5 Concerning the products and services market involving Internet commerce comprised goods and services such as food products, the most frequently answered item, and other items centered on mail order-type goods. On the other hand, goods and Fig. 4 Goods and services handled in the products and services market Foodstuff Cosmetics/health products/pharmaceuticals/medical supplies Clothes Hobby/entertainment Dress/ornaments/jewelry Computers/peripherals Books/magazines Alcoholic drinks Furniture/household articles Artworks/handcrafts Computer software Music CD/cassette tapes/records/md Consumer electronics Charged information services Stationery Hotel and other reservations Automobiles Flowers Charged content Airline, train tickets Video/LD/DVD Concert and play tickets Educational correspondence courses/learning materials Real estate/houses Financial products (stocks, insurance policies, trusts, etc.) Mall operation Others No response services such as charged information and content download sales or various ticket reservations-type distribution business were limited, with the shops handling such items totaling sales of about 5% of the total on the market (Fig. 4) Products and services provided (multiple answers) The best-selling products or services provided (Unit: %) Notes: 1. Paid-for information services include: online magazines, electronic newspapers, database services, etc. 2. Paid-for content includes: music, images, video programs, etc. Source: Internet Commerce Survey, MPT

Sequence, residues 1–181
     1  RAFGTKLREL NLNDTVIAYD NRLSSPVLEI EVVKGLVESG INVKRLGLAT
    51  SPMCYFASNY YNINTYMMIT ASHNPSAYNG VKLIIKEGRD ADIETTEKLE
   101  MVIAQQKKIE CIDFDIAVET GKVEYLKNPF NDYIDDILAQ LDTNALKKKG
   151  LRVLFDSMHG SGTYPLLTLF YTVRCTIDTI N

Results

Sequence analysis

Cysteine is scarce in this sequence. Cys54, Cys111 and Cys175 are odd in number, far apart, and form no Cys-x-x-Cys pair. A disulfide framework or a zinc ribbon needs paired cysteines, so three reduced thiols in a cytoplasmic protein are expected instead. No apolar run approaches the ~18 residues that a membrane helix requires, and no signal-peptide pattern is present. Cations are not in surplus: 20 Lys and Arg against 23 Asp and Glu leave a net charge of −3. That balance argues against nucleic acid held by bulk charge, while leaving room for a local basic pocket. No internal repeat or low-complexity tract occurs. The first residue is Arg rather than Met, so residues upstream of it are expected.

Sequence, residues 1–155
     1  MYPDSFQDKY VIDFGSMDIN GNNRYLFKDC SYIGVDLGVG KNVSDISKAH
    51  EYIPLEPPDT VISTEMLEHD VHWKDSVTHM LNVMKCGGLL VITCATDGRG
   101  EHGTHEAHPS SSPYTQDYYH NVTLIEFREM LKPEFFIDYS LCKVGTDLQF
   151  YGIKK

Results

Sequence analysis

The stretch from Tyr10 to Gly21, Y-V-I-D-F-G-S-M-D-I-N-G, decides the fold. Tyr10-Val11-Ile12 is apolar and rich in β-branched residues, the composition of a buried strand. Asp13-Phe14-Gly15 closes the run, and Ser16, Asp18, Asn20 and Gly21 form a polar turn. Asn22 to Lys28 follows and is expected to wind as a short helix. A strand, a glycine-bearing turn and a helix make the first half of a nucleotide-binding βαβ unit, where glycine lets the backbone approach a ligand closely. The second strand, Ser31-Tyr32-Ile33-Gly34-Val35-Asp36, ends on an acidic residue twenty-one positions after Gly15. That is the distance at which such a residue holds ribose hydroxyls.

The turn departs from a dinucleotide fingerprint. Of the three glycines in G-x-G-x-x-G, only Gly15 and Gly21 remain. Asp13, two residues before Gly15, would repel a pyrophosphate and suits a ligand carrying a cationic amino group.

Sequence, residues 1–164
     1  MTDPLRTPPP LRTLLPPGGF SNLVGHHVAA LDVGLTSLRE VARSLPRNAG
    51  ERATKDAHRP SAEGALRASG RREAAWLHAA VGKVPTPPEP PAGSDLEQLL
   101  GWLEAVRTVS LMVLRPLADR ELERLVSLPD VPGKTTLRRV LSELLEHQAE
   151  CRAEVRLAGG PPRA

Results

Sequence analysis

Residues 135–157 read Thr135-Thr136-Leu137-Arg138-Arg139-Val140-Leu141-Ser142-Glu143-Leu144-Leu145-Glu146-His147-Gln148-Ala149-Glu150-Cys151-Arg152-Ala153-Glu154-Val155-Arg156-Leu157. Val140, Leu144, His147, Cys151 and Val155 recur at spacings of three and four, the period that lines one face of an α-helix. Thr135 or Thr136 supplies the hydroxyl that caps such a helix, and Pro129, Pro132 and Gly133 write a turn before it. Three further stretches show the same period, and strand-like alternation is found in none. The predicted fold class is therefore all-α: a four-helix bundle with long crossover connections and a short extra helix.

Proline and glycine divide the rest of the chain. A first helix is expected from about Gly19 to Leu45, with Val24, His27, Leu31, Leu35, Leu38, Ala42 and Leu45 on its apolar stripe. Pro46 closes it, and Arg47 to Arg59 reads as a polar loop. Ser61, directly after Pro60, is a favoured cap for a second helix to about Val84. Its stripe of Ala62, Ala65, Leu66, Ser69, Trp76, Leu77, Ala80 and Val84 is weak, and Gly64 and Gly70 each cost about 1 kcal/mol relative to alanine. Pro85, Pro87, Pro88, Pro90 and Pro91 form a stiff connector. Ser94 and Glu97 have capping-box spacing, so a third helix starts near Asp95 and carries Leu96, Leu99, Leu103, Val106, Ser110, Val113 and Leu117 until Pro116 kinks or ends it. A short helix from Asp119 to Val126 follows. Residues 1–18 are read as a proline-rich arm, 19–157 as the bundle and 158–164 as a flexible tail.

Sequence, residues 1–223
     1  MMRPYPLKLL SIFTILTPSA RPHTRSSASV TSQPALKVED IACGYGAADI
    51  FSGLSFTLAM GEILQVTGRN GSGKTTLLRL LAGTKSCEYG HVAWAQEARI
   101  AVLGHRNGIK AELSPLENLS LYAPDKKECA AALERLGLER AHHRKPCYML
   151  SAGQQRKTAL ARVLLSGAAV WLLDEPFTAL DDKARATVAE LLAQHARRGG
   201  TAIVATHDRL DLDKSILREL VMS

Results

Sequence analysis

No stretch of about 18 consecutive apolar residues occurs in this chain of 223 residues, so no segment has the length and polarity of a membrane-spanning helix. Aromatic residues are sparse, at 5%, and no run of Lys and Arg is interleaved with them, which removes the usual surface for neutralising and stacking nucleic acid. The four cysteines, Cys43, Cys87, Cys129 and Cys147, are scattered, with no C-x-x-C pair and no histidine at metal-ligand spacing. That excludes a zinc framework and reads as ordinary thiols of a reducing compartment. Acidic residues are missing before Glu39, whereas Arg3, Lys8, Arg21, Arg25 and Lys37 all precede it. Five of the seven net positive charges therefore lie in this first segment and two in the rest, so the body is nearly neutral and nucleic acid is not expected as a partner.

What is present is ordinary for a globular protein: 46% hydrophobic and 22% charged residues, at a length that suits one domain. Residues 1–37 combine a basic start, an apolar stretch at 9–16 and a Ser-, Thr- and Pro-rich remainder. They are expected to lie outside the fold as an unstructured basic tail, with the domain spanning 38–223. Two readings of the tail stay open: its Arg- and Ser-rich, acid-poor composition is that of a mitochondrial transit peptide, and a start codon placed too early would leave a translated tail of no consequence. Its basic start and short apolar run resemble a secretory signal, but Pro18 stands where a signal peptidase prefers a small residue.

6 (3) Problems and challenges Profitability is improving, but technical problems remain. According to the Internet Commerce Survey, concerning the situation of the store (site) in the products and services field for the recent year, 5% more businesses reported profits on Internet commerce in 1998 compared with 1997, while 5.7% fewer businesses reported losses. Thus, the profitability of Internet commerce appears to be rising, even though one in four companies said they had not started with the aim of making a profit (Fig. 1). As for technical problems, there was a change from 1997 when the most numerous concern was there is no convenient and reliable account settlement method, the percentage raising this issue for 1998 having fallen by 8.0%, while the most frequent Fig. 1 Profitability of Internet commerce in 1998 Profits reported Break-even point Losses reported Not trading for profit No response (Unit: %) Fig. 2 Issues in the products and services field concern now was circuit speed is slow at 30.2%. Other concerns were by order cannot deal sufficiently with new technologies (an increase by 11.3% over the previous year), cannot manage data sufficiently such as the number of accesses, and cannot deal adequately with technical troubles (up 5.0% over the previous year). As management problems, such items as site s popularity is low and number of accesses has not grown as expected related to marketing are becoming prominent, while problems such as operational costs and other operational burdens have become less so. Technical problems Circuit speed is slow There is no convenient and reliable account settlement method Cannot deal sufficiently with new technologies Cannot manage data sufficiently such as the number of accesses Cannot deal adequately with technical troubles Concerned about network crimes such as hackers and crackers Others Management problems Site's popularity is low Revenues have not grown as expected Number of accesses has not grown as expected Lack of marketing know-how Operational costs have become a burden Operational loads have become heavy Troubles with customers such as ambiguous or false orders Cannot collect charges occasionally Others Source: Internet Commerce Survey, MPT (Unit: %) 58.7